The job recruitment materials, such as advertisements, are designed to attract “ideal candidates” who feel themselves to possess the qualifications and requirements defined in the advertisement. The qualifications become articulated through not only the chosen vocabulary, e.g. by defining the array of skills and preferences, education and training qualifications but also in other ways. Our claim is that these subtler definitions of suitability for a job have become pervasive and are done in job advertisements in many ways, such as through visual design of the ad and the selection of colours, pictures, texts, display of materials and the vocabulary. What kinds of explicit and/or tacit gendered imageries do the job advertisements work on, and to what extent do they vary when empirical materials from two, in principle different but in fact broadly homologous cultural contexts, that is Estonia and Finland, are analysed? Our analysis extends to material from two countries but without any explicit goal to compare strict “cultural differences”. While the countries are simply too similar for such a straightforward task to succeed, the ways in which the country-specific materials are brought together in this study is meant as a rich and multifaceted exposition of job advertisements’ increasing standardization. We also want to inspire novel research designs concerning the Estonia-Finland “case”. However, we claim that the contextualization of the interpretations gains more strength and depth through the analysis of materials from two countries.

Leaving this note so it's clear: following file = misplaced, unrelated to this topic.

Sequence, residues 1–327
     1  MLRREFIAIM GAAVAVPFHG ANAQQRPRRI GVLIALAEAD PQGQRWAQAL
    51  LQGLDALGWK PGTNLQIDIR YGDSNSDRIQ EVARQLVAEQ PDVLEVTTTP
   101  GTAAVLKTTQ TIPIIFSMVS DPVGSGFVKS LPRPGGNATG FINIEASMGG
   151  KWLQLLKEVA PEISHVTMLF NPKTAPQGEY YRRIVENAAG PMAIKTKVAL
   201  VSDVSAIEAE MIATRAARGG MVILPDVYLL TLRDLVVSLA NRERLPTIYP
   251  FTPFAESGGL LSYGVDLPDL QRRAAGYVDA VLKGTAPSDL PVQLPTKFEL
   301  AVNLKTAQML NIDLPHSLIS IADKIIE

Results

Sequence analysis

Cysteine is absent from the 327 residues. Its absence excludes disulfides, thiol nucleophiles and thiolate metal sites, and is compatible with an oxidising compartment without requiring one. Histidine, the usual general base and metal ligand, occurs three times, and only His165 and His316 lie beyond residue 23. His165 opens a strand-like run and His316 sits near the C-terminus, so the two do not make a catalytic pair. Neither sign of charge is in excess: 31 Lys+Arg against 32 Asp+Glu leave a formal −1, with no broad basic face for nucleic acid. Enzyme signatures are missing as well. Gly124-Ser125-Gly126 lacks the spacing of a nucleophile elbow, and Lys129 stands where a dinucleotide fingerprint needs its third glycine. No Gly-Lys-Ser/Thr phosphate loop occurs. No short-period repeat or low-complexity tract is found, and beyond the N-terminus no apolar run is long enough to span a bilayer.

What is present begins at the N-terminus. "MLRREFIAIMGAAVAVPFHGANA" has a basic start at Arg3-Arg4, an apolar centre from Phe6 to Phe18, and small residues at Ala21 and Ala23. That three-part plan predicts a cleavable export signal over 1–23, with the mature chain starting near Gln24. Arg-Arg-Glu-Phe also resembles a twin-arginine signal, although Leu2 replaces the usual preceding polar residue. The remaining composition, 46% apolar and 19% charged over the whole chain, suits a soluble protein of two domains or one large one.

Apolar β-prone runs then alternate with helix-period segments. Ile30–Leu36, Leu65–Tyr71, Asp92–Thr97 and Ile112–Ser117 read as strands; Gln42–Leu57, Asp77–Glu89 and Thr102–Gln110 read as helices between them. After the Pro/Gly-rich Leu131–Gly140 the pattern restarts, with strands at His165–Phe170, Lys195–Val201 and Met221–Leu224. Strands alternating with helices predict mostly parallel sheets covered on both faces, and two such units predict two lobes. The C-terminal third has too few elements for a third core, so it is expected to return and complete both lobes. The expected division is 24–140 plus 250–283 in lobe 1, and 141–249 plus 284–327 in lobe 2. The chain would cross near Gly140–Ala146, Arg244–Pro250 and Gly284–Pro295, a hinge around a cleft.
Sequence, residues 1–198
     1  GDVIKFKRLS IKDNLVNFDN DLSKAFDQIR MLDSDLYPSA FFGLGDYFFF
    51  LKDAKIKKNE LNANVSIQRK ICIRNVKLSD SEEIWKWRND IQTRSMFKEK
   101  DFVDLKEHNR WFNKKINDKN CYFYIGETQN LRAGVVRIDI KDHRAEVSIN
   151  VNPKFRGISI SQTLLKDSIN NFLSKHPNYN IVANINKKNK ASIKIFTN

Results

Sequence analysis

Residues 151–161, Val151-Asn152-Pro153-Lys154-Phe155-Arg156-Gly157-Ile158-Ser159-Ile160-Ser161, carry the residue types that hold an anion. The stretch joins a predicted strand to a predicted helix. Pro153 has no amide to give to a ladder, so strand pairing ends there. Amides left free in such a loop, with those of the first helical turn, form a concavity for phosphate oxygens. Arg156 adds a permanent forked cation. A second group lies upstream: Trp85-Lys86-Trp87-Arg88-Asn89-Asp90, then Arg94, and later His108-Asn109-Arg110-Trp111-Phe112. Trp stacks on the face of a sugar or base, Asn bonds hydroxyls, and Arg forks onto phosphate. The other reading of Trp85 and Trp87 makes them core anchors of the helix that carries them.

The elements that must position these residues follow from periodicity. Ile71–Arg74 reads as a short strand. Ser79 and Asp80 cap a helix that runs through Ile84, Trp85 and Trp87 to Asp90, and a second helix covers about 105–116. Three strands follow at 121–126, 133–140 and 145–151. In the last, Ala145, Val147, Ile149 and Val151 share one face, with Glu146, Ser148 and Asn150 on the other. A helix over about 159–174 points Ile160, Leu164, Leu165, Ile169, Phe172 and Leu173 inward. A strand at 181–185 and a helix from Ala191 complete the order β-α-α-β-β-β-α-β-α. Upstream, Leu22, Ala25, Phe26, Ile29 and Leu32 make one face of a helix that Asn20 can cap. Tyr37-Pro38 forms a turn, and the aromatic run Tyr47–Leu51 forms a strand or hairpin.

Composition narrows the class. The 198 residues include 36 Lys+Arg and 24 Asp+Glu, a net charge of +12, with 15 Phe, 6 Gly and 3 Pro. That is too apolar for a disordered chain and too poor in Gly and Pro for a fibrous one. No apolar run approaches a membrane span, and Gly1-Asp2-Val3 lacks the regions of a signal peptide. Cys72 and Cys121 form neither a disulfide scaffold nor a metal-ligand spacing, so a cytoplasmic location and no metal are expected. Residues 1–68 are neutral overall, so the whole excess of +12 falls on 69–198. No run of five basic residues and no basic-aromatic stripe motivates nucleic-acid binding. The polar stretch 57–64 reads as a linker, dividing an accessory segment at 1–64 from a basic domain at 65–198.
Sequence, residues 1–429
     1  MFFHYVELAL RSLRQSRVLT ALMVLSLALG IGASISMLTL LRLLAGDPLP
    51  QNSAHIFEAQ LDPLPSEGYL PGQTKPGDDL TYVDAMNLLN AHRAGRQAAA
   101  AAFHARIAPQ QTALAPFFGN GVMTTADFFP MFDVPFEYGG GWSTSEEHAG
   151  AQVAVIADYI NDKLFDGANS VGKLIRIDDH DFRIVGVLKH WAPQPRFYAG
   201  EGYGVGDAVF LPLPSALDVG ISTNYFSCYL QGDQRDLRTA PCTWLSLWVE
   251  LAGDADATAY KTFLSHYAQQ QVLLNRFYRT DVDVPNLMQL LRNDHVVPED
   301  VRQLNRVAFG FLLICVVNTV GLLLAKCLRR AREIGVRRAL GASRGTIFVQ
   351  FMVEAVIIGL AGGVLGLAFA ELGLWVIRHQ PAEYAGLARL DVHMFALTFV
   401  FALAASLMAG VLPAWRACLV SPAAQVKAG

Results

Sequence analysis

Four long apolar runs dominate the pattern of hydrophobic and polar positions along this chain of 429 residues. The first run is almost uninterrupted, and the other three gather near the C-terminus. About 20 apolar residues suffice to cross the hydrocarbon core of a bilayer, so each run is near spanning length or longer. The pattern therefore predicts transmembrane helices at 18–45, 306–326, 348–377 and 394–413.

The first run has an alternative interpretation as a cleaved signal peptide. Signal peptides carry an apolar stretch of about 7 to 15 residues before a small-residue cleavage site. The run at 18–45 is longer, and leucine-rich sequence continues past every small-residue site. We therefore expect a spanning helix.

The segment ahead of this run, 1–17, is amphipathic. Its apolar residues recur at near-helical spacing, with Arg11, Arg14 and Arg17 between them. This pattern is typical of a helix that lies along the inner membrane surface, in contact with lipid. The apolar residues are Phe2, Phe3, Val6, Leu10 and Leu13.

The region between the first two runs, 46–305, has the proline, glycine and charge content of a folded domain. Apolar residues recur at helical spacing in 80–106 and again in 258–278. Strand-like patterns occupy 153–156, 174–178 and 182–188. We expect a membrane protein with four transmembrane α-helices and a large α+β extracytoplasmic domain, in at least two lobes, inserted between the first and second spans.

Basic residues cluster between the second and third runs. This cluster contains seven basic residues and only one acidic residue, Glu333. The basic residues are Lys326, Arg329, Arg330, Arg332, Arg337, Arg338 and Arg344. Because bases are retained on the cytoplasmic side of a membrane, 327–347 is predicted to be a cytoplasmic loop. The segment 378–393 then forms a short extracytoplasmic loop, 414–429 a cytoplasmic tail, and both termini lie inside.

Despite the fact that job advertisements play a critical role in the recruitment process by imaging the job and the organization and by attracting the prospective candidates, they are not widely used as empirical materials in research that deals with gender, management, expertise and expert work of different kinds. One of the less studied features is indeed the gender framing of open jobs in recruitment.
How the articulations used to advertise expert positions create the space for “doing gender” has not been investigated in the ways this article aims to explore. This article analyses the ways the textual and visual materials of job advertisements produce an imagery of an idealized, gendered candidacy for expert job positions. We chose to focus on “expert work” because these positions typically are openly advertised. This is in contrast to top-management posts, for example. Expert positions typically cover a wide variety of expertise gained through education and possibly also leading to managerial positions.